I realize that there's no room for great off-field stories on athletes in the post-Manti Te'o era, but all the same, Donald Driver provided one.
If you want a feel-good story to latch onto (and yes, we take it all back if we find out Ronaiah Tuiasosopo was behind any of it), you could do worse than Driver, who came from very little, made himself into the Green Bay Packers' all-time leading receiver and seemed to appreciate and enjoy every moment of his unlikely NFL career. There's something for just about everyone in the story of Driver's career.
With Driver's retirement announcement, let's look back on one of the most unlikely and uplifting NFL tales, mostly because it has been relatively unappreciated:
• Driver really overcame a lot growing up
Driver has been very open about his childhood, spending parts of his youth homeless living in a U-Haul trailer. He didn't allow that to drag him down, and overcome tremendous odds to be a NFL success. While we really don't know what or who to believe when it comes to sports tales anymore, this type of story certainly can't be bad if it gives someone else hope.
• Driver gambled on himself as a football player
Driver, by all accounts, could have made a run at the 2000 Summer Olympics as a high jumper. Instead, he believed in himself and went the football route, even though he was the Packers' last pick of the 1999 draft, in the seventh round. The Packers picked another receiver in that draft, Dee Miller from Ohio State, and then made two more picks before finally taking Driver. He believed he could make it, however, and worked hard to make it happen.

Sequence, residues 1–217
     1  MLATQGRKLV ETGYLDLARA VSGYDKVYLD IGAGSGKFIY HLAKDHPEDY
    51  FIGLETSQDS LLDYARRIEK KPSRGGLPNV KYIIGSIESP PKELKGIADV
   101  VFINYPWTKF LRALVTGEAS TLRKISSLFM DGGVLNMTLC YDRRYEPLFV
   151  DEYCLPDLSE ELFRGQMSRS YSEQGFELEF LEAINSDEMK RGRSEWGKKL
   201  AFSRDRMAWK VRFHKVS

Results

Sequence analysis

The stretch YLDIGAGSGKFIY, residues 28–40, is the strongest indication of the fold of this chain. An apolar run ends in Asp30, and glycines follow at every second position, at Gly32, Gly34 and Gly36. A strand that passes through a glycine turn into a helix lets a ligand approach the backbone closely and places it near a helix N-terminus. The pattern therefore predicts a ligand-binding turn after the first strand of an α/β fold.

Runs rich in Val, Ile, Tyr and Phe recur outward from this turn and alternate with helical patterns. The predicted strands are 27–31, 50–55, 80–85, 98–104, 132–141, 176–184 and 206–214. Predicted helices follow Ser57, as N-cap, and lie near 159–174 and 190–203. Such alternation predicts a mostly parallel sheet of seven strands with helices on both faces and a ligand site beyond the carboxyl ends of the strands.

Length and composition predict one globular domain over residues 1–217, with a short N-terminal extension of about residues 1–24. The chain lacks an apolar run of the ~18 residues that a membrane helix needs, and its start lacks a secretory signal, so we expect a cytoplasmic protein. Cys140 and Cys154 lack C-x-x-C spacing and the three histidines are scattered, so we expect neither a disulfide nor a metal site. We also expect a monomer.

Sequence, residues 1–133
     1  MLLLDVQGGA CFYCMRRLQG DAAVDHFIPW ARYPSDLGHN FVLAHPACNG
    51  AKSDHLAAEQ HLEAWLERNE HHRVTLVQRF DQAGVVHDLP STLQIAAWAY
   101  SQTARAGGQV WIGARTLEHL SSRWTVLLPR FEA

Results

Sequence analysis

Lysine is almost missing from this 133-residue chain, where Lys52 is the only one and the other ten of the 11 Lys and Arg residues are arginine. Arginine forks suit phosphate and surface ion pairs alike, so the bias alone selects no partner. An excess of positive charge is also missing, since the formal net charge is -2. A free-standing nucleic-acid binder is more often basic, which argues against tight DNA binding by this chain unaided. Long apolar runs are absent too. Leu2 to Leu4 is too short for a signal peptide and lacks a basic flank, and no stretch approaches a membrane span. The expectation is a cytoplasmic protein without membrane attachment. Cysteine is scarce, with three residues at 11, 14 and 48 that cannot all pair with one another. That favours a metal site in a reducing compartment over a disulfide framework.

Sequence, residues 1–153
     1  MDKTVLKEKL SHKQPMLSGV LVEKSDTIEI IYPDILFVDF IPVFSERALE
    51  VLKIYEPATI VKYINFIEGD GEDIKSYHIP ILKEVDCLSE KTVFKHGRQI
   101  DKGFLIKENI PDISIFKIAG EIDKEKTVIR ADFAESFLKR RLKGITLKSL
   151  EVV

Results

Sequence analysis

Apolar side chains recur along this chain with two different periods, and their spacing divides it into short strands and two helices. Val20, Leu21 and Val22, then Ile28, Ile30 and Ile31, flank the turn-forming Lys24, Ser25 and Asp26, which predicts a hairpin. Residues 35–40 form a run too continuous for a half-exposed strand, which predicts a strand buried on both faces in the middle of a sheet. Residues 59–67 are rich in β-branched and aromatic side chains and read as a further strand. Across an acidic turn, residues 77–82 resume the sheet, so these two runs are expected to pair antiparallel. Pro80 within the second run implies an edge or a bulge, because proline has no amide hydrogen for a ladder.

• Driver handled himself like a professional
I covered Driver for a couple years very early in his (and my) career, and he always was accommodating and handled himself as all NFL players should. A true pro in every sense. That was a long time ago, so Lori Nickel of the Milwaukee Journal-Sentinel is a better source on the matter.
"In two decades of sports writing, no one has ever treated me any kinder or with more respect," Nickel said. "Fans will miss that 28-tooth smile, but I'll miss the laughs and knowing I could always count on (Driver) in the locker room."
• Driver was a heck of a player
Go watch that touchdown on the top of the post. That's Garrison Hearst against the Jets or Marshawn Lynch against the Saints. And Driver is listed at 194 pounds and was 34 years old when he made that play. He had 743 catches, 10,137 yards and 61 touchdowns, an unbelievable run for a seventh-round pick. Or most anyone for that matter.
• Driver went on "Dancing With The Stars"
And he won! Cue the video:
• Driver played his entire career in one place
It's not fair to criticize players who want to continue their careers on another team after becoming synonymous with one franchise, but it's always nice when a player spends a long career entirely in one place. Surely the people of Wisconsin appreciate him ending it now rather than going to the Vikings. It's a great show of loyalty through the years, by the player and team.
Driver isn't going to go to the Pro Football Hall of Fame, but his story is as unique and compelling as anyone there.